The Context of a Good Death

In this fascinating article, Dr Ben Colburn, in what we hope will the first of many guest blogs,   explores the theme of autonomy and how, when we base decisions that reflect our individual values and ambitions, life goes better.  It is never more important than at the end of life, for individuals to decide for themselves about what is valuable and […]

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Going Beyond the Medical Model

In this article first published in 2011, Hermione Elliott explores the need for a new way of thinking about death and dying, as well as the role of an Amicus Mortis or  End of Life Doula.  In perfectly sets out the ethos and philosophy within Living Well Dying Well. Beyond the Medical Model Many thanks to Professor David Peters of […]

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Choosing a positive death

Sacha Langton-Gilks describes the choice that she and her family made to support their 16-year old son David, to discontinue treatment for a brain tumour. He had received four years of treatment, including several operations, radiotherapy and chemotherapy. He made this decision so that he could live the remainder of his life in a positive […]

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How to plan for a good death

Sheila Kitzinger, the natural childbirth activist who died in April, pioneered the idea of birth plans. Her daughters, Celia and Jenny, describe how their mother made a death plan – so she could die at home according to her own wishes. Read the article on the Guardian website.

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The Top Five Regrets of the Dying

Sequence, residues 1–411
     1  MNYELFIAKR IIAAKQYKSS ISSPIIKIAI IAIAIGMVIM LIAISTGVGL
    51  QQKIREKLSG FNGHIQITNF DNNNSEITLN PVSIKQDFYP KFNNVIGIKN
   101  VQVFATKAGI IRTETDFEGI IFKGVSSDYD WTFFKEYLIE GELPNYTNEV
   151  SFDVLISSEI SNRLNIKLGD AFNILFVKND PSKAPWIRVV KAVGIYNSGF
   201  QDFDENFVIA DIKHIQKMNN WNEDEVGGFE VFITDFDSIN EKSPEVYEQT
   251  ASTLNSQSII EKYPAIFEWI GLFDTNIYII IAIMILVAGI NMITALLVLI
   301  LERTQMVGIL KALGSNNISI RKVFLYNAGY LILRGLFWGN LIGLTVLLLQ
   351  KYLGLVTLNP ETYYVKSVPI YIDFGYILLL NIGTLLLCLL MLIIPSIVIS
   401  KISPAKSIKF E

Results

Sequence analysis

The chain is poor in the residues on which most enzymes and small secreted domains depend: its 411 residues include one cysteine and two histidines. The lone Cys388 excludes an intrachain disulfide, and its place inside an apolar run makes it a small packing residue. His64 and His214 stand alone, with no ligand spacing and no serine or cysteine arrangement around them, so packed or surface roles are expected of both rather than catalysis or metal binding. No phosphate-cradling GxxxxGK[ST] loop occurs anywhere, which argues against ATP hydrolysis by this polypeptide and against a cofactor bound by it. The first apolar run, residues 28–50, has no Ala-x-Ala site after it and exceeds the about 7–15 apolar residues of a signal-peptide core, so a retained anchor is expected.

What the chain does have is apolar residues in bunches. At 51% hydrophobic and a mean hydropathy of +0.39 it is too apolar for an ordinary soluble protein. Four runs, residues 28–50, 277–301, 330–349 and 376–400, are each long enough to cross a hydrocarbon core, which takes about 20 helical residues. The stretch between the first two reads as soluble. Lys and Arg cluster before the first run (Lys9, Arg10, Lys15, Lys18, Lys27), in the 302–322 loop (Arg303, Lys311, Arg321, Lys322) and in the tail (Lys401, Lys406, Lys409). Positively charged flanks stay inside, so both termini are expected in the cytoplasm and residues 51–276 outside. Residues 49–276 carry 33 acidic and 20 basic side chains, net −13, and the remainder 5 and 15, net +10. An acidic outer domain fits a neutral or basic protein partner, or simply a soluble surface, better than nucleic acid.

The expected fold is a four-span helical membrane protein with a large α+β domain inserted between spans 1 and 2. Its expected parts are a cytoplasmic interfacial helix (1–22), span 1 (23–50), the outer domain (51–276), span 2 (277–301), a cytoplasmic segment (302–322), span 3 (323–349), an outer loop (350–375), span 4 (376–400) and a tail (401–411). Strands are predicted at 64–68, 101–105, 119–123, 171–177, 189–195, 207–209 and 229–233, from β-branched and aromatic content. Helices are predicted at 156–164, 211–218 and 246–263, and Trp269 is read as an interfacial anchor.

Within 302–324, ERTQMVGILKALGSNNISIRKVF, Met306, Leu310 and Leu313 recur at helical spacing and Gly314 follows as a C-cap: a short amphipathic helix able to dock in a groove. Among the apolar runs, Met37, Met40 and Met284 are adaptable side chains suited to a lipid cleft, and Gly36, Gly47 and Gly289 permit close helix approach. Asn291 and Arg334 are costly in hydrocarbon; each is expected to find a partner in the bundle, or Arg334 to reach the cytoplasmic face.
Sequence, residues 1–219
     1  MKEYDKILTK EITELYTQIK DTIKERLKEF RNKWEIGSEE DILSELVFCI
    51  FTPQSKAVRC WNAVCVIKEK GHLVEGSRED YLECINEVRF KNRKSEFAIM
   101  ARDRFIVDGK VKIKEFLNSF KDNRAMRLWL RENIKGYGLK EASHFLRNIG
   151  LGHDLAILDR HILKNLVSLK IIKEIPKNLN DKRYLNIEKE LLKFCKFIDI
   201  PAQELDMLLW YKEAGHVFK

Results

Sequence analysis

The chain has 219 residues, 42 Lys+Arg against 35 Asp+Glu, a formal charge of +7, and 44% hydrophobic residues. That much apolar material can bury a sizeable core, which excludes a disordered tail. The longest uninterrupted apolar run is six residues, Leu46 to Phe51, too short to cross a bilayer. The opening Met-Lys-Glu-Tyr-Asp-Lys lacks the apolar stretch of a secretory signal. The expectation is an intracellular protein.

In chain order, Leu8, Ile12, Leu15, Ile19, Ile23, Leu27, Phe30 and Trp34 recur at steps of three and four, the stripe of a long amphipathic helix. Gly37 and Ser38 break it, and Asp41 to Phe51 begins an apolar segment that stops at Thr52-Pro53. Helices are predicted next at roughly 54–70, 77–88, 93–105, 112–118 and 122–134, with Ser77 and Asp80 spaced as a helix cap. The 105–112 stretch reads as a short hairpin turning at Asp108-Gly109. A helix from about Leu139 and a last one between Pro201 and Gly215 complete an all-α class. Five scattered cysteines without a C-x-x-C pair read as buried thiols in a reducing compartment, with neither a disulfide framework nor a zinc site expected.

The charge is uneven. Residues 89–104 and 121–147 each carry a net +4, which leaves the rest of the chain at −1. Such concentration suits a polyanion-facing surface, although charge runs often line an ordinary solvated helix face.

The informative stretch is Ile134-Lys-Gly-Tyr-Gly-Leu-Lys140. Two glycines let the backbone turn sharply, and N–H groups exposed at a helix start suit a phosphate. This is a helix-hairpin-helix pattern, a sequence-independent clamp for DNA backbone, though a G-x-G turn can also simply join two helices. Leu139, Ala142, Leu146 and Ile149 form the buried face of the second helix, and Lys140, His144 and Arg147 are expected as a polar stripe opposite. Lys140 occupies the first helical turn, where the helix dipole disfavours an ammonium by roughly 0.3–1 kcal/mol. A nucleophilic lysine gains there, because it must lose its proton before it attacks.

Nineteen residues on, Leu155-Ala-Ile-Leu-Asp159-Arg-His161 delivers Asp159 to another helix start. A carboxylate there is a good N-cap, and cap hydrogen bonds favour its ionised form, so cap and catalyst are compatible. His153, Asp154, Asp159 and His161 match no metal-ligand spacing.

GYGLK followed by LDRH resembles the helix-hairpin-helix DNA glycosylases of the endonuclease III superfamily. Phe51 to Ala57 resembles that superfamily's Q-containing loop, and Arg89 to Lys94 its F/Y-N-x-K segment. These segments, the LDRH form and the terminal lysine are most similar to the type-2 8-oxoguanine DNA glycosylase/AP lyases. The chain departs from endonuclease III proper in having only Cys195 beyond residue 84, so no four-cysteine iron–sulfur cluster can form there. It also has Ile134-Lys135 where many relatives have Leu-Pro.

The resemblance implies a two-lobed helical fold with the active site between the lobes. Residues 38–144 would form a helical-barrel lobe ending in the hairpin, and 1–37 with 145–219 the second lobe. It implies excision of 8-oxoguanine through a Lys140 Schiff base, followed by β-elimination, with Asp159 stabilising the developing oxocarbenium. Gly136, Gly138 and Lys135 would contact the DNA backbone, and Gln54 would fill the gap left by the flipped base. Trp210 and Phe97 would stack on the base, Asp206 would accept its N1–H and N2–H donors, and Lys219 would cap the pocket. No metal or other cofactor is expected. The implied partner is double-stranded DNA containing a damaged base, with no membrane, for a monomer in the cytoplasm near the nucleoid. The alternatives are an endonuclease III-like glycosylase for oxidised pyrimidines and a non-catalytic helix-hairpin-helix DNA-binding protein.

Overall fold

Susie Steiner The Guardian Wednesday 1 February 2012  There was no mention of more sex or bungee jumps. A palliative nurse who has counselled the dying in their last days has revealed the most common regrets we have at the end of our lives. And among the top, from men in particular, is ‘I wish […]

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How are we to face death?

In this Guardian article, Tim Lott writes that “I don’t believe in an afterlife but I do think that death is necessary, that it brings everything into focus.”    Photo by Vince Alongi

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It was a good death, the kind most people would choose

An article in The Guardian by Sophie Mackenzie on why her family backed her mother’s decision to stop eating and drinking when faced with terminal cancer. Doctors who have practised for a long time and seen many patients die at home describe as “taking to their bed” or “turning their face to the wall”. September […]

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